Although the buzzwords “Talent Management” were first coined more than 15 years ago, many organizations are still searching for ways to attract and retain the best and brightest in order win the talent war.
Attraction is arguably the easiest piece of the talent management equation. However, companies that spend energy creating the perfect cocktail of salary and tailored compensation packages are missing the point for long-term success. High engagement and retention, coupled with developing outstanding leadership skills are the critical elements for gaining the strategic advantage. Conversely, your business will continue to lag behind if any of the following conditions persist:
The cost of poor leadership
The first step in managing talent begins with managing your leaders. One only needs to look at the list of the best places to work; large or small, in virtually every industry sector, to find the common denominator: Dynamic, employee-centric leadership. The correlation between great leadership and a highly engaged workplace is undeniable. Before you invest in developing your leaders, first you must ask yourself whether they are right fit. If you haven’t hired the best leaders, or accepted the significance of their impact on their teams, you cannot expect your people to remain motivated, engaged and productive under the influence of a poor leader.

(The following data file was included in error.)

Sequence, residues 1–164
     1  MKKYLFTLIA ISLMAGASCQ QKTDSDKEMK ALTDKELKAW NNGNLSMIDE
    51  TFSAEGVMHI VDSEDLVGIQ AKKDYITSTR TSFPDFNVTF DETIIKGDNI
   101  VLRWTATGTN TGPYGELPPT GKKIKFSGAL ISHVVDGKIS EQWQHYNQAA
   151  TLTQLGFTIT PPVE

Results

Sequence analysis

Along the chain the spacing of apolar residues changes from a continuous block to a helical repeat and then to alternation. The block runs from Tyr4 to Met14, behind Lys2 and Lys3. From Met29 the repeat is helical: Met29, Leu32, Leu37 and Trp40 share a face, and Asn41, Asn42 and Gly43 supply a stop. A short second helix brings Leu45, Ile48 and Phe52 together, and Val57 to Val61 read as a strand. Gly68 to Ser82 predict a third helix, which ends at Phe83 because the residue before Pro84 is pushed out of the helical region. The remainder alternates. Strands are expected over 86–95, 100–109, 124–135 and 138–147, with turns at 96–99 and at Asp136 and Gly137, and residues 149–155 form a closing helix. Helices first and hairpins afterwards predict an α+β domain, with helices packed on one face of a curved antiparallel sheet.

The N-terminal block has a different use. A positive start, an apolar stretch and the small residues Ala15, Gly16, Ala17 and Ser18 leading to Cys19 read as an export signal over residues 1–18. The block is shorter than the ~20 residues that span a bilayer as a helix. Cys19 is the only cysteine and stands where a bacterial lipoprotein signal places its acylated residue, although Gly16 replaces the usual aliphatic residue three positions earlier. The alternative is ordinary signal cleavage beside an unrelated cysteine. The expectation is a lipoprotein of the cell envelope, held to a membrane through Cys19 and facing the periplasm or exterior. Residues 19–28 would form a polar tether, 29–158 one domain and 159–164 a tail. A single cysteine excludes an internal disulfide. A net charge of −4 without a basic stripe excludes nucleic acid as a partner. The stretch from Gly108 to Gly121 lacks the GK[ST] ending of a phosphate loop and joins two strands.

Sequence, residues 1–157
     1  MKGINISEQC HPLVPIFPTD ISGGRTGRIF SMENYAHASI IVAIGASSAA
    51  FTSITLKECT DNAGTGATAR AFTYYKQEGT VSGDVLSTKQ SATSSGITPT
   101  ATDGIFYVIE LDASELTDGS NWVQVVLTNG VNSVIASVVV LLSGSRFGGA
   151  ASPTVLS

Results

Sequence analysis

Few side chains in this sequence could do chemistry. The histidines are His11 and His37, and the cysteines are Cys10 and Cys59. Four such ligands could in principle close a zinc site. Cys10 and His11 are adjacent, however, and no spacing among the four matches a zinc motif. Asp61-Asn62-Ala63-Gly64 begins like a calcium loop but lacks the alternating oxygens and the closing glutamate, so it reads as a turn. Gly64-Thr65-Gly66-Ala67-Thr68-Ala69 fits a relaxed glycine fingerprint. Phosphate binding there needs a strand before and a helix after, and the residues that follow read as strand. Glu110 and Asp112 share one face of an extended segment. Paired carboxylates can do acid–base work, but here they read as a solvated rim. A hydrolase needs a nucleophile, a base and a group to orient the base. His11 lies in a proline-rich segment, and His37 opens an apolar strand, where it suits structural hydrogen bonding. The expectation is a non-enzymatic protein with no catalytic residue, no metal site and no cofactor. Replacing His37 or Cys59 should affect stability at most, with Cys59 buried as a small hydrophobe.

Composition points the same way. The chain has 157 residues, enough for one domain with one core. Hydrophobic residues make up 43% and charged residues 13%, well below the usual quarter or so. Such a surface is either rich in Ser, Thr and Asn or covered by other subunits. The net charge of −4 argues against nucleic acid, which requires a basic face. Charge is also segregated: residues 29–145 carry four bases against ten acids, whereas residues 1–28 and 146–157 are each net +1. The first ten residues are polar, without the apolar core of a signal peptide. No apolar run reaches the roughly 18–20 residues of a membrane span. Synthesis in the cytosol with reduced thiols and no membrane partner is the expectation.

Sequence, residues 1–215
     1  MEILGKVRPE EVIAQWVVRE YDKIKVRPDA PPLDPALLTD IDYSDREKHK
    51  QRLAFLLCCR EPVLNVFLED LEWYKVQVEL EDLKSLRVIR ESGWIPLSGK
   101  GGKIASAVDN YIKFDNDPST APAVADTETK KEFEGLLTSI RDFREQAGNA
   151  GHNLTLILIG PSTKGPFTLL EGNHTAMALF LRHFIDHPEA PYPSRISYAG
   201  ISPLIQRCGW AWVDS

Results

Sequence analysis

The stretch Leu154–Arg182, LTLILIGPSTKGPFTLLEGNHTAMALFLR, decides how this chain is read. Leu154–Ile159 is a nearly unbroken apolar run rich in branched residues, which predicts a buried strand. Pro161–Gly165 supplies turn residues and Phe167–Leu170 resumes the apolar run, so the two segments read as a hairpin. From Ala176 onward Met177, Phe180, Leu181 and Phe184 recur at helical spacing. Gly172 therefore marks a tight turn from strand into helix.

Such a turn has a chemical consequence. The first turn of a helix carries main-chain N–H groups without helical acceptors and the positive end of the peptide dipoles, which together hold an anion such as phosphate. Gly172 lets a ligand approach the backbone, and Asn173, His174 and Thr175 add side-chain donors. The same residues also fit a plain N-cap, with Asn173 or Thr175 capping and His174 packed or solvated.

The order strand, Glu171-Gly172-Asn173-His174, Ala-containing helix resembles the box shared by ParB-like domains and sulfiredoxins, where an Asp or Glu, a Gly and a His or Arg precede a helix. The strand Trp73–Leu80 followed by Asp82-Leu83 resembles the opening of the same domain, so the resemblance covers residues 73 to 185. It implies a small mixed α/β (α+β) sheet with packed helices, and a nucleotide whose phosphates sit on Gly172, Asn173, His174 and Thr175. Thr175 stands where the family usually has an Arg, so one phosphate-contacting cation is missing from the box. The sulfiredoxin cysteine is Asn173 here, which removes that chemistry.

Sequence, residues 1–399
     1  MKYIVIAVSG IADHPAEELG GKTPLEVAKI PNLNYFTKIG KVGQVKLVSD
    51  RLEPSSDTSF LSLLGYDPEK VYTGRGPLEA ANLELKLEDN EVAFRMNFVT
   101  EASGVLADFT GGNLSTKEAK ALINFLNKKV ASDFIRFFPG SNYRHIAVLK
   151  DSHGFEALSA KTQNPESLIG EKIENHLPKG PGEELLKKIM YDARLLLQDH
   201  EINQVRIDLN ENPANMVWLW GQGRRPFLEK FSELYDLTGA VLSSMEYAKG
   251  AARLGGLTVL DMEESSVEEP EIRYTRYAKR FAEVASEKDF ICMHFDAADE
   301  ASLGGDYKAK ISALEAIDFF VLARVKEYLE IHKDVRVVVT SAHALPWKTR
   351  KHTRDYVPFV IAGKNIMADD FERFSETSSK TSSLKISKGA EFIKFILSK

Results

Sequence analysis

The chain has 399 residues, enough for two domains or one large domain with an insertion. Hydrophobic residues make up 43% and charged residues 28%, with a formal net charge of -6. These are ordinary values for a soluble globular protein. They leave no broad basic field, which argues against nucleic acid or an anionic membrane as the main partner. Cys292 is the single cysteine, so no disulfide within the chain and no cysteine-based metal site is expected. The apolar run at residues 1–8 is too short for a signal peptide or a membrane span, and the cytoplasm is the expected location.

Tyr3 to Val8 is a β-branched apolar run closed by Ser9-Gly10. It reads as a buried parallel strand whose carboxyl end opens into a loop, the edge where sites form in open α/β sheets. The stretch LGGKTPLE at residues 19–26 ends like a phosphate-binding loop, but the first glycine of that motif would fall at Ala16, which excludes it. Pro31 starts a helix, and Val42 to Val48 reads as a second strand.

The cost of disengagement
The plethora of research on this subject should be sufficient evidence in and of itself for organizations to take action, yet businesses of every description continue to struggle with high levels of disengagement. Key performance indicators including return on equity, return on sales, new hires, absenteeism, turnover and customer satisfaction can provide invaluable information regarding whether or not your employees are engaged and willing to contribute. However, if there is little opportunity for your people to develop their potential, or to be acknowledged, challenged and supported by their leaders, disengagement will prevail and your talent pool will either actively or passively pursue other opportunities.
The cost of a negative reputation
The newest cohort of talent closely scrutinizes the image and reputation of a prospective employer. They do their homework and are often extremely knowledgeable when it comes to understanding the state of your industry, your organization’s performance in relation to your competitors, the dynamics of your senior leadership, the level of respect and participation within your community; including causes that your business supports either financially or through volunteerism at every level. Above all, this sought-after group of future leaders operates with a new paradigm and won’t tolerate anything less than parity when assessing company performance on the entire spectrum of diversity.
In summary, remember that although the tangible motivators (pay and benefits) will attract talent to your organization; it is the intangible motivators of communication, collaboration and culture that are often the most neglected. When your leaders understand and execute on delivering these three powerful motivators, they will be in a stronger position to win the proverbial “talent war”.
About the author
Based in Vancouver, Canada, Michelle Ray is a leadership expert, motivational speaker, CEO and founder of the Lead Yourself First Institute. Michelle is the author of Lead Yourself First! Indispensable Lessons in Business and in Life.
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